Raul Anaya said BofA has invested $350 million in minority-led VC firms.

Raul Anaya said BofA has invested $350 million in minority-led VC firms.

Banks and financial advisors have been working in tandem to keep the economic momentum in traditionally underserved minority communities on a positive trend by focusing on different rungs of financial maturity and business development.

While banks have focused on helping minority-run small businesses launch, survive and thrive through some of the roughest economic times in recent history, wealth strategists have been engaging high-net-worth people of color to put their fortunes to work for the benefit of their families and communities.

The former is helping businesses land that location at the front-end of the building, as J.P. Morgan Private Bank’s Deb Langford put it, while the latter is helping the people who want to buy the building outright.
“That’s really the intersection of what we’ve done,” said Langford, who heads the bank’s Black Wealth Initiatives program.

Part of the bank’s Diverse Wealth Initiatives, Langford’s program launched out of the company’s Century City office in 2021 to engage affluent Black families throughout the country in investing, philanthropic giving, and credit and estate planning, among other offerings. She said the program is operating in 26 markets, with many led by people of color.

“It’s a national program running across the country, but Los Angeles has so many unique attributes that make it a leader. We have entertainment, sports, technology,” Langford said. “[It’s a place] where you can go from making money to having wealth, but if you don’t have the right relationship with the right firm, that wealth’s not generational.”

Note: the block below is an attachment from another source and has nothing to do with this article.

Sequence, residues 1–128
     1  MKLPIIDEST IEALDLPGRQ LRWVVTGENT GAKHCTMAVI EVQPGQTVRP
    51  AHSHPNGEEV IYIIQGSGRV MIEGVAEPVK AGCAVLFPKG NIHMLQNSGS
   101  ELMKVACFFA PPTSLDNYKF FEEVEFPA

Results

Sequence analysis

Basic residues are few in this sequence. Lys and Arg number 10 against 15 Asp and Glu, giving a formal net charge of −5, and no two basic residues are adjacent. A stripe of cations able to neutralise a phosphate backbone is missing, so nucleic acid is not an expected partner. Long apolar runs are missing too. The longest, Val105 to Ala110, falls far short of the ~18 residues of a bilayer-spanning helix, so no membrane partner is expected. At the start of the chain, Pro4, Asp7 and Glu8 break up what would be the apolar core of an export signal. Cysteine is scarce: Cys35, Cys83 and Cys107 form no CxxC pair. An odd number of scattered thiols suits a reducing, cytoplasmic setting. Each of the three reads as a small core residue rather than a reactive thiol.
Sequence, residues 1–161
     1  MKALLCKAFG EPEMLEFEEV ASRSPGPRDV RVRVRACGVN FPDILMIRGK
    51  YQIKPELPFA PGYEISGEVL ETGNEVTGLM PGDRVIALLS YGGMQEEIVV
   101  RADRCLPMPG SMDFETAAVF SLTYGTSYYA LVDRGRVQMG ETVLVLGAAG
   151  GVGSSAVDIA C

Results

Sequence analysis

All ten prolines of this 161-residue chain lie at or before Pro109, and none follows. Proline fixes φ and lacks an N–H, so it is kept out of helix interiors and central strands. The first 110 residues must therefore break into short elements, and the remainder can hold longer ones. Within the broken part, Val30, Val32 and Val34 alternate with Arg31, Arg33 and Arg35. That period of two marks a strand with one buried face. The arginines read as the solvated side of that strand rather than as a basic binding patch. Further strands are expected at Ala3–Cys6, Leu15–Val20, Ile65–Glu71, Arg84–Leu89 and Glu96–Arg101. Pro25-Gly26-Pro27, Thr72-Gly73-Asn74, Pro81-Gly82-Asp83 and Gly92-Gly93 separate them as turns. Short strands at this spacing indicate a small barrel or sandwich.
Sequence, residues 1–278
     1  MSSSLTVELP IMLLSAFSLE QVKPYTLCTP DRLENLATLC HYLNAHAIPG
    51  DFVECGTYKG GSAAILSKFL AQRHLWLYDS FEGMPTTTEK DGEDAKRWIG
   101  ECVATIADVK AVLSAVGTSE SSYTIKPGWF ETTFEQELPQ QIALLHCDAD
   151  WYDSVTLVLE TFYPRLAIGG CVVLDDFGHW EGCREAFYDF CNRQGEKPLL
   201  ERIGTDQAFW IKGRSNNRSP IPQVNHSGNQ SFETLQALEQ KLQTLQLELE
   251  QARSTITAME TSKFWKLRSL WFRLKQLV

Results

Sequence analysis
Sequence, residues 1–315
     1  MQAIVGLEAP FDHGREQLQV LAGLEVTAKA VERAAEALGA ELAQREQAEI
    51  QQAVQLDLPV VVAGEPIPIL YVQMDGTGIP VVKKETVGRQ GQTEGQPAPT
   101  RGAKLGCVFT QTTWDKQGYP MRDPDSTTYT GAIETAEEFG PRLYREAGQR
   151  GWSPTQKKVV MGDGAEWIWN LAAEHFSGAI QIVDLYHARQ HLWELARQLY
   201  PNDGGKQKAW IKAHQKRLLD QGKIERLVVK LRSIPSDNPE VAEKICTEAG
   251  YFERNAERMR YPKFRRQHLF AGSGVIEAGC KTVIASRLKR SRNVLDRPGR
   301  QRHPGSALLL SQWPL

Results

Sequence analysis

Generational gains

Citing a growing market and opportunities for social and economic change, many banks have devised strategies for engaging minority business owners and wealthy people of color similar to JP Morgan’s two-tier approach.

A July 2021 Merrill Lynch & Co. Inc. “Diverse Viewpoints” report found a 65% increase in the number of affluent Black and African American households between 2015 and 2020, compared to 53% for the general population. The number of affluent households in Latino communities has grown 81%, with an affluent household being any with an annual income exceeding $125,000.

Brenton Hamlet, a wealth management advisor at New York City-based Merrill Lynch, said the disproportionate growth is an optimistic sign that efforts to reverse the wealth gap are working. As co-chair of the investment group’s Black Executive Leadership Team, Hamlet said he acts as a de facto brand ambassador to Black communities in Los Angeles, “as a whole our job is to make an impact for those who may not have access. Even those who you believe would have access, generationally, it may not be something their parents told them.”

Hamlet noted that L.A. includes three of the wealthiest ZIP codes for Black families in the country: View Park-Windsor Hills 90043, Baldwin Hills 90008 and Ladera Heights 90056. The upswell in Black wealth has largely been attributable to baby boomers and Gen Xers who are respectively reaching retirement age and financial maturity, making their children the first in their family from generational wealth.

“One of the big movements (among our clients) is to help the next African American generation pay for their schooling so they don’t have that burden,” Hamlet said. “That’s symbolic — most of their parents had that burden. When you don’t have generational wealth built up, you’re using what you have on hand.” 

‘Amazing’ momentum

While strategists are helping affluent people of color pass on that generational wealth, their counterparts in banking have been working to give today’s business owners the tools and resources they need to establish their own.